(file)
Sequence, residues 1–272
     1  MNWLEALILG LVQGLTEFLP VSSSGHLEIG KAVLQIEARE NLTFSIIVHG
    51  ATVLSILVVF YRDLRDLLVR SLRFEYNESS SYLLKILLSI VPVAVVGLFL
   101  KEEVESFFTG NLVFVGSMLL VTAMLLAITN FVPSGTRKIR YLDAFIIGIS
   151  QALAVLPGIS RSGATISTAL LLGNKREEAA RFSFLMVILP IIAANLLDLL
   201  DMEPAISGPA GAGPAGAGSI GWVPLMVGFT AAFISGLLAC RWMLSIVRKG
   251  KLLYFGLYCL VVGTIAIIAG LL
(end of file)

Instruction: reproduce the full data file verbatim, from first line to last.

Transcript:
Sequence, residues 1–272
     1  MNWLEALILG LVQGLTEFLP VSSSGHLEIG KAVLQIEARE NLTFSIIVHG
    51  ATVLSILVVF YRDLRDLLVR SLRFEYNESS SYLLKILLSI VPVAVVGLFL
   101  KEEVESFFTG NLVFVGSMLL VTAMLLAITN FVPSGTRKIR YLDAFIIGIS
   151  QALAVLPGIS RSGATISTAL LLGNKREEAA RFSFLMVILP IIAANLLDLL
   201  DMEPAISGPA GAGPAGAGSI GWVPLMVGFT AAFISGLLAC RWMLSIVRKG
   251  KLLYFGLYCL VVGTIAIIAG LL